As organizations continue to pursue their digital transformations, their IT infrastructures are expanding in both size and diversity. Many are seeing the addition of two new technologies in particular: containers and Kubernetes.
Containerization has replaced virtual machines to a great extent because containers are lightweight and make efficient use of the OS kernel. Docker’s efficient nature helps with software development, testing, delivery, and deployment in a DevOps environment, and all the benefits of Docker also apply to Kubernetes. Let’s explore some of the additional agile and DevOps benefits you can gain by using Kubernetes.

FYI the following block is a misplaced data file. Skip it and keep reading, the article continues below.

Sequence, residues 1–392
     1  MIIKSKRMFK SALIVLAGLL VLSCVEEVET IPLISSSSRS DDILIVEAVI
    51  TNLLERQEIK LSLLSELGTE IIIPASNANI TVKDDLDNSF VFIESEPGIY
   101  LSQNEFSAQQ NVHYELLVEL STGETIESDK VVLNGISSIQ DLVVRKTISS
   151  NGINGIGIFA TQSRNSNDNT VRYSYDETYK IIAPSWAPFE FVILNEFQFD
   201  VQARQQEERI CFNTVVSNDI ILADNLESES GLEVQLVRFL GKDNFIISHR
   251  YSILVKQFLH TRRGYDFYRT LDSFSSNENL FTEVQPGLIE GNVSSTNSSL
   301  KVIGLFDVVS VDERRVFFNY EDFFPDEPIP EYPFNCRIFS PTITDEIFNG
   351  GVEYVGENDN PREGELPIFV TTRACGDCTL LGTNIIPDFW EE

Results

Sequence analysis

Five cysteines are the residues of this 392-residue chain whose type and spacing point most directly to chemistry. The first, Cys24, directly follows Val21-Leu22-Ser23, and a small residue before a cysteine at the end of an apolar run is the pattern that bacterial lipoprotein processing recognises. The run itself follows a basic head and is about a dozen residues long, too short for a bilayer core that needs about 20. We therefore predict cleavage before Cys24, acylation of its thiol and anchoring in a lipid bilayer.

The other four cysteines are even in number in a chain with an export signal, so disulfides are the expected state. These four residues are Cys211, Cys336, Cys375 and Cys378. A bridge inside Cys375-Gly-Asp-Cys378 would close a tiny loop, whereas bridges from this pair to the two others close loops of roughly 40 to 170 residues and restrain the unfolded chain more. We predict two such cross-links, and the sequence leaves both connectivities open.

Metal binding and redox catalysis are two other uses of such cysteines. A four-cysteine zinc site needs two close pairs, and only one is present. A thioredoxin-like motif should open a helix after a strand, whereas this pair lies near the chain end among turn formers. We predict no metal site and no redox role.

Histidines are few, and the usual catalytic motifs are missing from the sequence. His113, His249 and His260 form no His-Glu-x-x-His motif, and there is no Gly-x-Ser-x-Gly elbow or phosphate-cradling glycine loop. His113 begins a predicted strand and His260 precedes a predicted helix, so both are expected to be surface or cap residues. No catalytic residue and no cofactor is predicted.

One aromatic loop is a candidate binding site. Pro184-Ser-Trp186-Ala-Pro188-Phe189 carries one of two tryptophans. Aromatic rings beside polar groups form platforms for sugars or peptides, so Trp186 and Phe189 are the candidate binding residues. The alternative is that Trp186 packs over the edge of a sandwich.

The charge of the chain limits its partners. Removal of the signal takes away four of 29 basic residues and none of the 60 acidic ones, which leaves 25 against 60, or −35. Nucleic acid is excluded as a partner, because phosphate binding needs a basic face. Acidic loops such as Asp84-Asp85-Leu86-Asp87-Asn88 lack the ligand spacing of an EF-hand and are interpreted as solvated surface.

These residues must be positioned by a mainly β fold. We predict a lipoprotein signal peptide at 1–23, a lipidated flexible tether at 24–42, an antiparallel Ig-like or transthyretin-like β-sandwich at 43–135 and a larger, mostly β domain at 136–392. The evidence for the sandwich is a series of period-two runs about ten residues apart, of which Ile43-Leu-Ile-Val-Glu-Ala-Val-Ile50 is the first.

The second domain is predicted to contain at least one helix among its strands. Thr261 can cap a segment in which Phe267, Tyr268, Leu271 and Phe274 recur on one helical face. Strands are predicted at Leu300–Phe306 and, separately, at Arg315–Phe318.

Ryan Kenney, senior consultant at Coveros, chats with TechWell community manager Owen Gotimer about the difference between containers, container engines, and container orchestration; using containers in your CI/CD pipelines; and the cost of security.
Containerizing applications introduces major changes to the way we run those applications. We can now share infrastructure and resources, but this introduces the need to control the way resources are used—from a sanity perspective first and a financial objective second.
Docker is the most popular containerized solution being used in the software industry for development. However, implementation can get complicated, tricky, and unmaintainable if all you understand is the record-and-playback features or think it is the same as using a virtual machine.